This week I’ve delivered another beginners Speedlite workshop at Canon’s UK head office in Reigate. I had a great group of attendees who had joined to learn more about flash photography.

This weeks class was pretty standard for this beginners workshop, a mix of Speedlites – mostly 430EX and 600EX – and cameras from the EOS 600D to EOS 5D Mark III. Like others in the past, this weeks group were baffled by flash photography and wanted to discover how to take more control, particularly of fill-in flash.

These workshops are a mix of presentation and practical activities. I thought I’d share a couple of pictures from the workshop’s practical session to give you an idea of how I approach some common situations with flash photos.

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This first picture was taken indoors with a Lastolite perspective background behind the model. This is an automatic E-TTL flash photo. However the first step before turning on the flash was to eliminate most of the light in the room with a combination of shutter speed, ISO and aperture. Model for this workshop was the stunning Rosie Xanthe.

To eliminate the ambient light I set the camera mode dial to manual, and dialled in 1/200s, f/5.6 and ISO 200.

A quick test shot, with the flash switched off revealed that the room was now dark to the camera. This meant that all the light in the picture would be from the flash. I used a Speedlite in a softbox above Rosie’s head, and slightly to the left side of the frame. For some fill light I asked one of the people to hold a reflector just out of the bottom of the frame. The result is the picture above.

Off-camera flash on a beginners workshop?

You might be thinking, that off-camera flash is a heck of a jump for a beginner course. In reality we also tried a few shots with on-camera flash – not very flattering – and some bounce flash too. Obviously off-camera flash – even with one light – is going to make nicer pictures, and with E-TTL control, it’s just as easy as on-camera flash. I help everyone setup their cameras and or flashes as masters and sacrifice / use my own flashes in the softbox.

Working with ambient light and flash indoors

Since the location has a large open staircase, with windows letting in plenty of natural light I decided to mix some ambient light and flash in a picture.

Brian Worley_ambient flash light


I set up a Speedlite way above Rosie, and zoomed the flash head to 105mm to reduce the spread of light, and a Honl grid to further control the spill. Aiming the light was key, it needed to light Rosie’s face and that meant she needed to look towards the light too.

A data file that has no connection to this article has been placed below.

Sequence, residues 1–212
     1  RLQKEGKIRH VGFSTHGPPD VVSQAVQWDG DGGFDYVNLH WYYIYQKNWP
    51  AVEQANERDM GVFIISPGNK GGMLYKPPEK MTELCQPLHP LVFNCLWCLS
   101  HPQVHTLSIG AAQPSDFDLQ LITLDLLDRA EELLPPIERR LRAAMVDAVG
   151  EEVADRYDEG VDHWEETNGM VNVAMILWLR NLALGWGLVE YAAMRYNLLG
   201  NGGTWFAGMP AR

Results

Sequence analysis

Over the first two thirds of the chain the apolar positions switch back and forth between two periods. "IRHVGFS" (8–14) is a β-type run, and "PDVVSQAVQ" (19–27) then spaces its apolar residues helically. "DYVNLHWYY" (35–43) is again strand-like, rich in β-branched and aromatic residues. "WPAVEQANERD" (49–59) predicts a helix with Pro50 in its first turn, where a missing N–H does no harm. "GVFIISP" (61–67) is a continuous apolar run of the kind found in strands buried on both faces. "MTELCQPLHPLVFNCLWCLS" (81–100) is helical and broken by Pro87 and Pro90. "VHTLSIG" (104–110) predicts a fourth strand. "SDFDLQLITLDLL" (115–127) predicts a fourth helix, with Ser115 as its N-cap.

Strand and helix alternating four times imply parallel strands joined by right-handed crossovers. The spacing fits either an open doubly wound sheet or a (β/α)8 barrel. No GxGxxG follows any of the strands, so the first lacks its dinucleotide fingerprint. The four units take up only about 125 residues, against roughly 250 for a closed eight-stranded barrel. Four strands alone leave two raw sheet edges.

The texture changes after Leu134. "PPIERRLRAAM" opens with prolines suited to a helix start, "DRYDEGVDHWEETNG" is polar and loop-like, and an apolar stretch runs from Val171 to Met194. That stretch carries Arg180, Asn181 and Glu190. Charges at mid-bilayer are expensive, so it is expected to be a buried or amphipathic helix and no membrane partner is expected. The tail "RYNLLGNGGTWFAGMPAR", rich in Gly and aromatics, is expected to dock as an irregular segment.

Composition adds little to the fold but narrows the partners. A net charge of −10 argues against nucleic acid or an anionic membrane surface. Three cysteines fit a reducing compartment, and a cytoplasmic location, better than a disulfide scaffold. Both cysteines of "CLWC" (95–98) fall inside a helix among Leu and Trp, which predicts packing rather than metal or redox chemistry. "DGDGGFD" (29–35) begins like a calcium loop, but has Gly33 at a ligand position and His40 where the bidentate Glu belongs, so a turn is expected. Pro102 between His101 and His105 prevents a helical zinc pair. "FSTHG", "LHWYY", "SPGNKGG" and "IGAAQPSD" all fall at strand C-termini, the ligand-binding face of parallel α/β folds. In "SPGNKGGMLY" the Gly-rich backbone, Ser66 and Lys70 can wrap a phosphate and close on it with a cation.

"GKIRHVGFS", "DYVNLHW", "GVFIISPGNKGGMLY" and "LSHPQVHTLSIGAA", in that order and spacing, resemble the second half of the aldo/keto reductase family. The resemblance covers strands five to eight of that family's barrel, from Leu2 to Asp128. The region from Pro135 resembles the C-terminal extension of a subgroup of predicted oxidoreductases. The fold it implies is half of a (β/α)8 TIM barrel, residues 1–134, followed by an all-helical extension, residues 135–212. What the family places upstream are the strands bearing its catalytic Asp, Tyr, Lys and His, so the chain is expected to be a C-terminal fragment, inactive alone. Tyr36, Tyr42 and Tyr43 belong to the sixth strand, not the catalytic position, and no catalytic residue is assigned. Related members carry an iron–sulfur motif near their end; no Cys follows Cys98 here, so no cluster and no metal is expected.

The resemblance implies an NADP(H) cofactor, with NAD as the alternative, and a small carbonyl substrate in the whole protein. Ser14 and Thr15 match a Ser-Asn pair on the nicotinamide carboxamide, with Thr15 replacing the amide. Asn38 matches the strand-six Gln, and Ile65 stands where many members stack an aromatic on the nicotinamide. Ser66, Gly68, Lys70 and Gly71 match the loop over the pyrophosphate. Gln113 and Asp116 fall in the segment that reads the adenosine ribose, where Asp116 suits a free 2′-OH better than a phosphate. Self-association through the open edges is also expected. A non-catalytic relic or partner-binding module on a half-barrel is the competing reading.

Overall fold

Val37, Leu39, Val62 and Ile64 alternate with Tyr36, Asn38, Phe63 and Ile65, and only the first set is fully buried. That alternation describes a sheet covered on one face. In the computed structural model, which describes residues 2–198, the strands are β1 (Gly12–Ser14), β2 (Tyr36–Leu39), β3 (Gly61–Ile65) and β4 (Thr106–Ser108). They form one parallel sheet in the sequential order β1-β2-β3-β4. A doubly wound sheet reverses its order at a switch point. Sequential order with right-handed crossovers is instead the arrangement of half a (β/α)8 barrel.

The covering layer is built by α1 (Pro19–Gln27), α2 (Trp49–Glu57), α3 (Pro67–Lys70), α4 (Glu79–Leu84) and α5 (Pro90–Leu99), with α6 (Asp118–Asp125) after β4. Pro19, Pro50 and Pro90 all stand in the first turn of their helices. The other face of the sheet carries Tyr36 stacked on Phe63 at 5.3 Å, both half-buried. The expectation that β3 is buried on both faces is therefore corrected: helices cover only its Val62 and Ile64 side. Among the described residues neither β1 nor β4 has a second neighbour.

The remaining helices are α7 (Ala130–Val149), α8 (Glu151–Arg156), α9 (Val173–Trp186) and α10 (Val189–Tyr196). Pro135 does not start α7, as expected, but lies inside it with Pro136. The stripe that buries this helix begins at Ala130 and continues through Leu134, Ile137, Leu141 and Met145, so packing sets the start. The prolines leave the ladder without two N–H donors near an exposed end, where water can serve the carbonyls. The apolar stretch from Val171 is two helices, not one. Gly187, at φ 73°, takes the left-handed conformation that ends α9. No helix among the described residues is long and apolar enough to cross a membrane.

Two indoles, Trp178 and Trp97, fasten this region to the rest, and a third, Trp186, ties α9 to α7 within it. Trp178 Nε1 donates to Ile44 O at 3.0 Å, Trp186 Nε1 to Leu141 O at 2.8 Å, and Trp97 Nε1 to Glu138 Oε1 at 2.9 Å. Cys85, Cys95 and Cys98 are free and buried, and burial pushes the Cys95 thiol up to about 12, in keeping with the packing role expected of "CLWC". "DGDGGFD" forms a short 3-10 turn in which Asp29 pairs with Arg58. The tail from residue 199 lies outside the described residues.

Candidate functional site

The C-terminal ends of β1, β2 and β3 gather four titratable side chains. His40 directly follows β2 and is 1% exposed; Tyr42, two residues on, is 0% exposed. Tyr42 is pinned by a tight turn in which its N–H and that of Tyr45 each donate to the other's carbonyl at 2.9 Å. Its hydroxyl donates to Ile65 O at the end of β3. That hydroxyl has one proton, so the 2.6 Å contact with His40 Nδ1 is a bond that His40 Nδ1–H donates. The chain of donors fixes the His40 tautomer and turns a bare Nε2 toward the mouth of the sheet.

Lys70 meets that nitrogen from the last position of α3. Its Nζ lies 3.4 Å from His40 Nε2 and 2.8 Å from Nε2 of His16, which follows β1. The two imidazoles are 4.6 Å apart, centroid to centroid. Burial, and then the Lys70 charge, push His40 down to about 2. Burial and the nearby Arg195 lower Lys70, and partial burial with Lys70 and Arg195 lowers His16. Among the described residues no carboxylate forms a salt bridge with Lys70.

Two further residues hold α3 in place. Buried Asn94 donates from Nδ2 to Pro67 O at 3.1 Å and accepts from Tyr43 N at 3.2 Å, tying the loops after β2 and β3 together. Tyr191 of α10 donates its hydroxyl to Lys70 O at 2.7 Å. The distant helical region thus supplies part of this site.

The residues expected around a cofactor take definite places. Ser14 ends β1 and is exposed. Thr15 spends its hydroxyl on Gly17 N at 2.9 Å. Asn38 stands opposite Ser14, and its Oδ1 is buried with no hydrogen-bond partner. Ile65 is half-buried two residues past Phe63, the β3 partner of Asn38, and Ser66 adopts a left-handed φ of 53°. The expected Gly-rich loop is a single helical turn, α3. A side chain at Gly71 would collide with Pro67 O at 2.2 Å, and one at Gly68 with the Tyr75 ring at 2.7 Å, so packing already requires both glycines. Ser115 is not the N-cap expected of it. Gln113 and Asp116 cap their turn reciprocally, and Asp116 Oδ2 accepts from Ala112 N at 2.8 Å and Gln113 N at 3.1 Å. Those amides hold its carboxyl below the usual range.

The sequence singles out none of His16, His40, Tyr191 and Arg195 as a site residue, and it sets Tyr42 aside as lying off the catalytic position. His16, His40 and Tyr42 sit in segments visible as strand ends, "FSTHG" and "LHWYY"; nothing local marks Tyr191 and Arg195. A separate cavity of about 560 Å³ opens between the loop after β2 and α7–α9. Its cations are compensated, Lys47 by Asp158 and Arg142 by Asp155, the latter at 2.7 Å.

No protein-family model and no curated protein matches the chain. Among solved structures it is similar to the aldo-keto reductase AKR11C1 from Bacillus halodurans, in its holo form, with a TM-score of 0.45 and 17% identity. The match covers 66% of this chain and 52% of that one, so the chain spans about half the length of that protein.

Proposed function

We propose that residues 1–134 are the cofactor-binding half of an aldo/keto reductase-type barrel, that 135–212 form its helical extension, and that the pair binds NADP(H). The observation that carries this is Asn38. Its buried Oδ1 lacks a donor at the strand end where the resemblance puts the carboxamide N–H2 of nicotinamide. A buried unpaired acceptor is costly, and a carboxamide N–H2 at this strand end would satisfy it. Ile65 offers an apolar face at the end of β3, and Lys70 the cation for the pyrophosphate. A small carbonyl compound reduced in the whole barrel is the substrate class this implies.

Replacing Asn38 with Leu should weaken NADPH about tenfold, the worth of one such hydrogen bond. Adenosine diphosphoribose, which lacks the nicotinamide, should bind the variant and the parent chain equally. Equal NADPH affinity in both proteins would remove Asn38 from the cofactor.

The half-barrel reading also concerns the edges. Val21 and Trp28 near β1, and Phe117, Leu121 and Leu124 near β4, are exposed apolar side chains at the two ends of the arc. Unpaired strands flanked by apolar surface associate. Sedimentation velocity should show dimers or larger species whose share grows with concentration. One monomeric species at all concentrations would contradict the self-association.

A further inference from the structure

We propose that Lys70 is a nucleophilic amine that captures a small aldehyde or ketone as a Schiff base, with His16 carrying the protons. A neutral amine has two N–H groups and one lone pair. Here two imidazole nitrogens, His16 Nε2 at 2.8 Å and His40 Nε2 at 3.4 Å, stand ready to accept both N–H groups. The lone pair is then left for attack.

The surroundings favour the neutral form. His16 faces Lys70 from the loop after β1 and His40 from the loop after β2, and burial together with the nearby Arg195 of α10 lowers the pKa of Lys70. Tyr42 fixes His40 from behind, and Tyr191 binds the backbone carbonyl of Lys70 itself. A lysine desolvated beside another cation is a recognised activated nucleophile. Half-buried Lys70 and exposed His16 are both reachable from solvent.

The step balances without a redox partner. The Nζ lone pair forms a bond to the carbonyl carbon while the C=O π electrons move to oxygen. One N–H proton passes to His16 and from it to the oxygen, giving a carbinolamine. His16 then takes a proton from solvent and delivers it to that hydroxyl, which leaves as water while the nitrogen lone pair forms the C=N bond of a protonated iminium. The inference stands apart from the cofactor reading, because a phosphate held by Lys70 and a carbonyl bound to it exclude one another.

I kept the camera in manual, but you could use aperture priority, maybe with some exposure compensation. Settings were 1/200s, f/5.6 and ISO 400. This made sure the pattern of light on the wall would not blow out, and also ensured the Speedlite didn’t have to work too hard. The flash was still set to E-TTL automatic exposure.

Fill-in flash outdoors

After a brief tea break, we took advantage of the bright sunshine outside of the building to try fill-in flash and high speed sync. Some people used aperture priority, some stayed with manual. The Speedlites were kept in automatic E-TTL mode.

Brian Worley_ outdoor flash


I did put a fair few Speedlites together, this speeds up recycle times, and gives a bit more power. Right at the end of the afternoon I saw the sun coming through the trees on the side of the office building. All that dappled light looked great on the wall. I placed the flash, behind Rosie on the camera left. I wanted a rim light, but also the flash would bounce off the side of the building so it could be used to light Rosie too.

For this last picture, I did us manual flash, not E-TTL. Having a flash aimed back towards the camera is likely to confuse the heck out of the automatic metering so manual was chosen for this shot. Sometimes on the beginners workshop we don’t even get to manual flash.

Join me for a flash workshop

These beginners flash workshops are delivered by me for EOS Training Academy. Usually these are at Canon UK in Reigate, or EOS Magazine in Oxfordshire. Some additional new locations next year too.

Please do check out the EOS Training Academy website for details of upcoming workshops, I have at least one more beginners flash workshop this year and an advanced level workshop, if you have already completed the beginners workshop or have a good amount of basic flash knowledge. There will be more courses next year too, so do keep an eye on my workshop calendar too.